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1st Place: Bar K | Kansas City, MO

Hey, Dogtender

Bar K presents dogs and their humans a business model like no other.

OWNERS: Leib Dodell, David Hensley and Joe Kessinger | WEBSITE: barkdogbar.com | FOUNDED: 2017 | OPENED FEATURED LOCATION : 2018 | AREA: 2 acres | MPLOYEES: 20 full-time, 45 part-time | FACEBOOK: barkdogbar | INSTAGRAM: barkdogbar


SURELY BY COINCIDENCE, friends David Hensley and Leib Dodell brought home puppies on the same day 11 years ago. They began taking out Golden Retriever Ellie and Shepherd mix Bear together once the pups were old enough.

“We brought them to dog parks, but also to places where we had always gone, like patios at coffee shops and bars,” Hensley says.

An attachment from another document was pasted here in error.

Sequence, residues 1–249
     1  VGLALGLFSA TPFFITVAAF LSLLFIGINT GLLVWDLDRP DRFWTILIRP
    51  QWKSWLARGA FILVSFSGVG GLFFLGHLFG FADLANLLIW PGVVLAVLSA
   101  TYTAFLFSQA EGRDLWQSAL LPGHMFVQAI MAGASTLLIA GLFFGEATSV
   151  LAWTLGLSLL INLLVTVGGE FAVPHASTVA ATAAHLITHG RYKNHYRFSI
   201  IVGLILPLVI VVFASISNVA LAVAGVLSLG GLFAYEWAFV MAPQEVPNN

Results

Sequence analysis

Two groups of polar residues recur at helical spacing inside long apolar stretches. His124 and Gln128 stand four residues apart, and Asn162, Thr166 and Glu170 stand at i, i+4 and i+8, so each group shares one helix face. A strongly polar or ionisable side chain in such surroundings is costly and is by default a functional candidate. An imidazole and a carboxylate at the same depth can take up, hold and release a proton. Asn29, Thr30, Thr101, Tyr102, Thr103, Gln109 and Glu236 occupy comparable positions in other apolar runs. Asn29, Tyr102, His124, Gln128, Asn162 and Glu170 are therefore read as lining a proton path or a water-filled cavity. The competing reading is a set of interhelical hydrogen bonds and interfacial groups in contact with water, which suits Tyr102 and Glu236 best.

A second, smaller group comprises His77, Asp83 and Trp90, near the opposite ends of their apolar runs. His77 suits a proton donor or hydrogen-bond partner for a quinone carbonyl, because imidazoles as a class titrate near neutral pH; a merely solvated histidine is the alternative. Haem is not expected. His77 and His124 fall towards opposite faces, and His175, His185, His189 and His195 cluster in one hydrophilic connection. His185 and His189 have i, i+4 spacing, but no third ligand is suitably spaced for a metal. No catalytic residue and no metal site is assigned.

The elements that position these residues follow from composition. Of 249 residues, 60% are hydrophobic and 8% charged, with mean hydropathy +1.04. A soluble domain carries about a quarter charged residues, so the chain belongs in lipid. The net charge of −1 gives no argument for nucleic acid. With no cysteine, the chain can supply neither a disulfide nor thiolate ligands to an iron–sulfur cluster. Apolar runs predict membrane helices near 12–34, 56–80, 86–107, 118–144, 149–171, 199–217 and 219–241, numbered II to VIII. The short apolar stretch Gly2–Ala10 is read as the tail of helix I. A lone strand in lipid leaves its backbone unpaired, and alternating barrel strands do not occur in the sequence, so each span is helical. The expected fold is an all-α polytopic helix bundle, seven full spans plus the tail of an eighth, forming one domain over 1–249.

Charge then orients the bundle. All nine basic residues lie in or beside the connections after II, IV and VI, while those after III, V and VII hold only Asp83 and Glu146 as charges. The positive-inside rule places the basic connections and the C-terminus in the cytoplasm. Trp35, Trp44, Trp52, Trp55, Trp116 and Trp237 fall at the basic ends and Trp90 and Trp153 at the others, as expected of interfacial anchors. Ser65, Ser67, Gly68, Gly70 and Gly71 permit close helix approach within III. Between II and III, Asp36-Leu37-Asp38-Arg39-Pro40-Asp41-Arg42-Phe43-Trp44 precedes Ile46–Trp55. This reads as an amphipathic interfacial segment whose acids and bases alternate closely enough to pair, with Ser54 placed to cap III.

They soon learned that neither public spaces nor pet-friendly businesses offer an ideal experience. Limited shade and seating, unknown shot histories and a lack of supervision plague dog parks. And pups aren’t allowed to run and play where people eat and drink out.

Hensley and Dodell decided to create the ultimate place for both dogs and their humans. Bar K spans 2 acres on a bank of the Missouri River in Kansas City, MO. It features 68,400 square feet of off-leash parks with two bars and 5,000 square feet of restaurant, coffee shop and bar, with leashed dogs welcome on its outdoor deck and upstairs patio. A grooming salon and small retail section round out the offerings.

“We are an entirely new kind of destination,” the business partners say. “The uniqueness of the Bar K experience is obvious in the joyful, amazed expressions on the faces of our guests.”

Petfinder Park

“Kind of a Dump,” with Potential

Bar K sits on land adjacent to downtown and partially under the Heart of America Bridge. Hensley and Dodell, along with business partner Joe Kessinger, secured it through a long-term lease with the Port Authority of Kansas City.